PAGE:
release in specie is the right of a claimant, the Court might prove to have disabled itself from making the due decrees, if a mere order for leave to requisition were to operate as a final abandorunent to the Crown."
Pellworm and other vessels (1396), vapeurs allemands capturés dans la mer littorale des Pays-Bas neutres [comp. notamment ci-dessus, § 634] :
„It follows that His Majesty's Government ought to return to the waters of Holland the vessels which survive . .. . It has, however, been contended that there is something in the practice of Comts of Prize in this country with regard to requisitioning for the use of His Majesty of ships which are in the custody of the Court pending theh adjudication in prize, which is at variance with the principles above stated. Their Lordships think that the contention is fallacious .... An order for requisition in itself is not a judgment in rem; it does not purport to change property ; it authorises use and using up — that is, consumption — but it does not make the thing requisitioned a subject of sale. The orders and rules make separate provision for orders for sale, and their Lordships must not be taken to agree with the statement of Sir Henry Duke, P., in the Court below that an order for leave to requisition, although followed by delivery, in itself changes the property. In cases where the law of nations requires the return of a ship in specie, the Court has no authority to defeat its duty in advance, and an order merely as to the use of the ship does not purport to do so. . . . Their Lordships can find nothing .... to restrict the right of the Prize Court to require the return to its Marshal of a requisitioned ship, which is stül in specie, in order that it may decree its release to the claimant Government."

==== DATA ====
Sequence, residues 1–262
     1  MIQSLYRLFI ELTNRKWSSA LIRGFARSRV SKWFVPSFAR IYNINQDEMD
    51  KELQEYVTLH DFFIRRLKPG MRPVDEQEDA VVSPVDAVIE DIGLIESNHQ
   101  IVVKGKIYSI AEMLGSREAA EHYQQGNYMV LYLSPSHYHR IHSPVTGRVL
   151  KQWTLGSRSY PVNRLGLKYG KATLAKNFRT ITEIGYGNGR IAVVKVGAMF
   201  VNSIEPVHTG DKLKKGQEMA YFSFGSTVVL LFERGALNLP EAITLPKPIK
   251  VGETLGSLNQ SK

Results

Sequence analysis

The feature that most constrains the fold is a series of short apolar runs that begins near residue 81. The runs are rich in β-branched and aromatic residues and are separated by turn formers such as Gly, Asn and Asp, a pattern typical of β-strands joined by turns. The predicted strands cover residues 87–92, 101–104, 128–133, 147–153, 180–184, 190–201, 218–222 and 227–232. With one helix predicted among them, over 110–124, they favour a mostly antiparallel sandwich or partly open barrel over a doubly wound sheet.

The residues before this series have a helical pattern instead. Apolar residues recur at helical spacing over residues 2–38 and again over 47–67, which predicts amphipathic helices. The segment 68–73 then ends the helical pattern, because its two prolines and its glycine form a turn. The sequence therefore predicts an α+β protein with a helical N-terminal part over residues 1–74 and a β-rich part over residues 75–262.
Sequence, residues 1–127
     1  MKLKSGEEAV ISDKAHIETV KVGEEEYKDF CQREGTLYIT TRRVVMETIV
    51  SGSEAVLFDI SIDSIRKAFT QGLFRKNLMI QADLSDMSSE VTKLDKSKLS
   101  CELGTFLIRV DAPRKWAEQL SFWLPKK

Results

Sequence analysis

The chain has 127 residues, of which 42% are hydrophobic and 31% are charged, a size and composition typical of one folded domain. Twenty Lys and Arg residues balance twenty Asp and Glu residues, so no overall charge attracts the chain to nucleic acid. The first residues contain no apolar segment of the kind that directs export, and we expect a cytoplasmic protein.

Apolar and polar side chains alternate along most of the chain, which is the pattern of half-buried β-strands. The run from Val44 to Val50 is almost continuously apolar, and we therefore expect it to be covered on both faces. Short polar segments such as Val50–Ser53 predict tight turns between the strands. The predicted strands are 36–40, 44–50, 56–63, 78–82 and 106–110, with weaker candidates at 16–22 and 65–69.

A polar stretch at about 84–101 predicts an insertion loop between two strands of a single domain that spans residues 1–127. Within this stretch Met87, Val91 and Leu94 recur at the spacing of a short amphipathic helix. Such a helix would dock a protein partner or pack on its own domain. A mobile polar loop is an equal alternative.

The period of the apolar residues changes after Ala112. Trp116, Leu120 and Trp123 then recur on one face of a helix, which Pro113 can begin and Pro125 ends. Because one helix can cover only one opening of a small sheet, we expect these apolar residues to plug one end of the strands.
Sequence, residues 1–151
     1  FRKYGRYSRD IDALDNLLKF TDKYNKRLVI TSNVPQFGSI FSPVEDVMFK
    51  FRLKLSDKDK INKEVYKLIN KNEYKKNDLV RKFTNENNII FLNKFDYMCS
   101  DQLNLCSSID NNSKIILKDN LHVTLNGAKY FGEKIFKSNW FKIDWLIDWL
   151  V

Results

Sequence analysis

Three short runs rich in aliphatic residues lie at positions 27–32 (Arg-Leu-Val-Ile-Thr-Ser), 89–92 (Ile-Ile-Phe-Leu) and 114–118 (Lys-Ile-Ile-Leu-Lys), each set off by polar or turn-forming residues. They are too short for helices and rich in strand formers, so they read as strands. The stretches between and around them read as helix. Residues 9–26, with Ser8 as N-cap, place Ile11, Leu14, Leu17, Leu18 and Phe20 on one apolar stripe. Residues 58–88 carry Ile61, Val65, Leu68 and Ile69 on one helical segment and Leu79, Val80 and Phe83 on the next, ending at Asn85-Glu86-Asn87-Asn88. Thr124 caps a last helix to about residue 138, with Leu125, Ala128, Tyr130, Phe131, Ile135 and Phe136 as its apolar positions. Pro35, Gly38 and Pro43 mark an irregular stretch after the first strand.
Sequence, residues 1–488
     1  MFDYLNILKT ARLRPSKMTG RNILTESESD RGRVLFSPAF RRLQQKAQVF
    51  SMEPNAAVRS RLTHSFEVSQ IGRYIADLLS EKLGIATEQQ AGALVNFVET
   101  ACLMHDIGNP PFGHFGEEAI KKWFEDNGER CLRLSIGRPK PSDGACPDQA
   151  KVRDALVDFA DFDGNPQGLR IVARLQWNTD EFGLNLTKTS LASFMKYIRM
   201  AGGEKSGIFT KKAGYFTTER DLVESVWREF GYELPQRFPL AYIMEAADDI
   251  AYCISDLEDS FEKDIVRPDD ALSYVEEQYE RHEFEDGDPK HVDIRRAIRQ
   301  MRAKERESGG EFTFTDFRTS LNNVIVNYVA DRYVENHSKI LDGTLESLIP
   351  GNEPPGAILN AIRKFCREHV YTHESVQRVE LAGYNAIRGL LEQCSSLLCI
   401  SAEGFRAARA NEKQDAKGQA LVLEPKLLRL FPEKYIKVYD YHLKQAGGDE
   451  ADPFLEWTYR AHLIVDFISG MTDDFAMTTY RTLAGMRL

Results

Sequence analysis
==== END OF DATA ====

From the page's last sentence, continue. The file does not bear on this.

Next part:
Contrairement a 1'opinion du tribunal d'appel, la com de première instance avait décidé que les navires réquisitionnés étaient passés dans la propriété de 1'Etat et qu'ils ne pouvaient plus être restitués aux anciens propriétaires. Voir le jugement Pellworm and other vessels, n°. 2 (1328) :
„What is next to be determined is whether the orders of the Court authorising the réquisitions which were made by the Crown were effectual to change the property in the ships and cargoes — that is to say, to vest the same in the Crown. That depends upon two things — the intent of the Rules under which the réquisitions were made, and the validity of them in point of international law. Order XXIX provides for permanent and for temporary réquisitions. Having regard to the définition in Order I rule 2, it includes both ships and goods, and the process by which it is carried out is that of „release and delivery" to the agents of the Crown. Requisitioned goods are certainly delivered for consumption. Ships are delivered for purposes which involve certain destruction in some cases — as, for example, sinking in waterways for defensive purposes — and great risk of destruction in most other cases. Looking at